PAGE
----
What will happen after the Federal Reserve begins to raise rates? If the Fed’s efforts to raise interest rates are successful, what will happen next? It all depends on whom you ask:
Dr. David P. Kelly, CFA, Managing Director Chief Global Strategist, JPMorgan: “Looking back at prior Fed rate hikes suggests that at first, investors have a tough time stomaching the idea of higher yields. However, as it becomes increasingly apparent that the Fed is hiking rates for all of the right reasons, markets re-price in line with their underlying fundamentals. For that reason, it is important for investors to prepare for a likely uptick in volatility around Fed liftoff.”
Robert C. Doll, CFA, Chief Equity Strategist, Nuveen: “First, higher rates would likely trigger higher bond yields, which would be a negative for Treasuries. Additionally, an increase would likely put upward pressure on the U.S. dollar. A strong dollar is usually a negative for oil prices… Finally, we think the combination of higher rates and a stronger dollar could hurt U.S. companies that do most of their business overseas.”
The Fed is expected to raise rates slowly and cautiously. We won’t know when rates will increase or by how much until the next Federal Open Market Committee meeting. That meeting takes place on December 15, 2015.
Weekly Focus – Think About It
“Terrorism [takes] us back to ages we thought were long gone if we allow it a free hand to corrupt democratic societies and destroy the basic rules of international life.”
–Jacques Chirac, former French Prime Minister
DEAN, JACOBSON FINANCIAL SERVICES
Securities and Retirement Plan Consulting Program advisory services offered through LPL Financial, a Registered Investment Advisor, member FINRA/SIPC. Other advisory services and investment advice offered through Dean, Jacobson Financial Services, LLC, a Registered Investment Advisor, and separate entity from LPL Financial.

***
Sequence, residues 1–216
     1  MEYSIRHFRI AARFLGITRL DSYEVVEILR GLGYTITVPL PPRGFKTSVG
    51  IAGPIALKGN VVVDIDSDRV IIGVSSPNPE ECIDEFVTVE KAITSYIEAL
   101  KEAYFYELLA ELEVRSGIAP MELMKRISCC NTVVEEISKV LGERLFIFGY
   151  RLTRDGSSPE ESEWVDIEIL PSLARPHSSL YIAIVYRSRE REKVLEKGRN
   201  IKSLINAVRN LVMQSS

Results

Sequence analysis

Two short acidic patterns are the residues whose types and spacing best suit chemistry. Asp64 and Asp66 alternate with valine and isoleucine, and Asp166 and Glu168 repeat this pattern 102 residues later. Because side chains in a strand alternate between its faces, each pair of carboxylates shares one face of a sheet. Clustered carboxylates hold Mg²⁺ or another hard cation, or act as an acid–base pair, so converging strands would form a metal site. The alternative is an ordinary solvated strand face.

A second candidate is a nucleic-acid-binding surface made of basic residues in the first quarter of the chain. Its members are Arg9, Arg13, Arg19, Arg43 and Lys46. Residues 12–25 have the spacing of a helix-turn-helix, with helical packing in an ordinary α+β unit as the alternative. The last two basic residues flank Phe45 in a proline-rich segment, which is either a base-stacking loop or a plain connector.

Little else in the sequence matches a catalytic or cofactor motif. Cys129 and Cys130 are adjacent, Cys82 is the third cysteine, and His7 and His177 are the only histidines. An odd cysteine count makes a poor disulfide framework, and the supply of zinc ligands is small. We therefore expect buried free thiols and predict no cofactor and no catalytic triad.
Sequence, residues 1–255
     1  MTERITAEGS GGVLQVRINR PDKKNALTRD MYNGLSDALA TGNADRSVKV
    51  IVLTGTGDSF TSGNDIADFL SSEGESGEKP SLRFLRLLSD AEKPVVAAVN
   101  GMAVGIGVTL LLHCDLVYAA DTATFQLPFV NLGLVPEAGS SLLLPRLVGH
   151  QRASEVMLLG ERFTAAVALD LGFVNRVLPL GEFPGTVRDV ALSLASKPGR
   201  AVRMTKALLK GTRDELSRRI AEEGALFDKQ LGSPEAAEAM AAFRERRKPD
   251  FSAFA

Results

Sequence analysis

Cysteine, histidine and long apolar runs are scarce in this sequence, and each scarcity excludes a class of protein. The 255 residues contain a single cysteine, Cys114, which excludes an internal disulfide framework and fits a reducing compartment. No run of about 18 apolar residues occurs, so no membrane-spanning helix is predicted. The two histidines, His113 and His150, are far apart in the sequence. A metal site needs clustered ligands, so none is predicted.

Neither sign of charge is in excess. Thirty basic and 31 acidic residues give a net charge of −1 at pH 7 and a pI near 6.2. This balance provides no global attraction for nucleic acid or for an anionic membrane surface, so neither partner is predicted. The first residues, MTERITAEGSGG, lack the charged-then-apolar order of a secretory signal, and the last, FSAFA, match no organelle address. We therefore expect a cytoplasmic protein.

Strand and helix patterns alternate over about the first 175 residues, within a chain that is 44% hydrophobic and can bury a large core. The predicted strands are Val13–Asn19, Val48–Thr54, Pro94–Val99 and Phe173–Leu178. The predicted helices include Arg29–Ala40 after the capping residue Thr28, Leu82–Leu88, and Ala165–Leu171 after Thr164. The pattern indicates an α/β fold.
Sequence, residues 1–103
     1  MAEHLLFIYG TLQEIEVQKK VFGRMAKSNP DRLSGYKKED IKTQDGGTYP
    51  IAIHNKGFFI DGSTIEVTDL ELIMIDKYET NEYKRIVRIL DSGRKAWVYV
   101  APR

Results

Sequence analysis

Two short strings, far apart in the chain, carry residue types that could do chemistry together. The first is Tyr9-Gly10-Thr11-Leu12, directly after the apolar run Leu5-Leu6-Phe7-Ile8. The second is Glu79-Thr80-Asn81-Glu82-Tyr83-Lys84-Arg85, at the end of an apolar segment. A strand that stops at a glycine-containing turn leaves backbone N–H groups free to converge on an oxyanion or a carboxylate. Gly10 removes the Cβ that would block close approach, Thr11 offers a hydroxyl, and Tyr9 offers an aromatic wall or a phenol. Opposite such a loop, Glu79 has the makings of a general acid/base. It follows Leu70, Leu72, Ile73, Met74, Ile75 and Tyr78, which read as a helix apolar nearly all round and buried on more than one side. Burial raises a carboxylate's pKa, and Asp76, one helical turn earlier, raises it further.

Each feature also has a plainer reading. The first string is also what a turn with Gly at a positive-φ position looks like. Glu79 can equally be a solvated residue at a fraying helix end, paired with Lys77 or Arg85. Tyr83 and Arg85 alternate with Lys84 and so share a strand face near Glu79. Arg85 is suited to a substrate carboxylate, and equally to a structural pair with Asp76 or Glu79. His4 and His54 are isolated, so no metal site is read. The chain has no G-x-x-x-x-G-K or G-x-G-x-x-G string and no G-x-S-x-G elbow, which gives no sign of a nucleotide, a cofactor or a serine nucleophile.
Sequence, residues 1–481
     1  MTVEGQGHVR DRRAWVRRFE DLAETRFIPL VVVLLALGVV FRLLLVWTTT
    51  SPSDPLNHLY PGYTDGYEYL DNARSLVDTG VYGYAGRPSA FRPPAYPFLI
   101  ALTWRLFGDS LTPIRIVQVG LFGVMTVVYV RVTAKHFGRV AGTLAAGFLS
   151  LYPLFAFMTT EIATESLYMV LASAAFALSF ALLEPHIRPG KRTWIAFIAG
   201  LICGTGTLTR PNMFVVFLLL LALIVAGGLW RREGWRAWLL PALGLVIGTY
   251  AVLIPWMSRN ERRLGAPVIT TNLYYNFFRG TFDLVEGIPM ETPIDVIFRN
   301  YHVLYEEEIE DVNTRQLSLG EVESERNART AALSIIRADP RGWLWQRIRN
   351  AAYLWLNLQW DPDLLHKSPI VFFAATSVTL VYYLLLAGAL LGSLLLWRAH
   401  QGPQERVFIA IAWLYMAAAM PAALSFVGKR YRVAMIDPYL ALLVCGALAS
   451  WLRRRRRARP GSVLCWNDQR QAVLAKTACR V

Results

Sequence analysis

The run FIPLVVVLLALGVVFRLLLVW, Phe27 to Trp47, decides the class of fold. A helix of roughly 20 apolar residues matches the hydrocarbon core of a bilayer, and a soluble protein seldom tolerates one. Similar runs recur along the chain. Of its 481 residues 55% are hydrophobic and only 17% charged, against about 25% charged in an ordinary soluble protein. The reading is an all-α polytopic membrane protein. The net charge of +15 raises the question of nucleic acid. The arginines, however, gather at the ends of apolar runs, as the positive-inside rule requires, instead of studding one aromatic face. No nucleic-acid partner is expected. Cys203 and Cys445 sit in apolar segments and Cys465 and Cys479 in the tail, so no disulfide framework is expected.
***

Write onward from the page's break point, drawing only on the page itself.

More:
*This newsletter was prepared by Peak Advisor Alliance for use by Dean, Jacobson Financial Services, LLC. Peak Advisor Alliance is not affiliated with LPL Financial.
*The views expressed are those of Peak Advisor Alliance, and do not necessarily represent those of Dean, Jacobson Financial Services or of LPL Financial. These views should not be construed as investment advice. Please contact advisors at Dean, Jacobson Financial Services for specific questions or explanations on interpreting this information for your personal circumstances.
* Government bonds and Treasury Bills are guaranteed by the U.S. government as to the timely payment of principal and interest and, if held to maturity, offer a fixed rate of return and fixed principal value. However, the value of fund shares is not guaranteed and will fluctuate.
*Corporate bonds are considered higher risk than government bonds but normally offer a higher yield and are subject to market, interest rate and credit risk as well as additional risks based on the quality of issuer coupon rate, price, yield, maturity, and redemption features.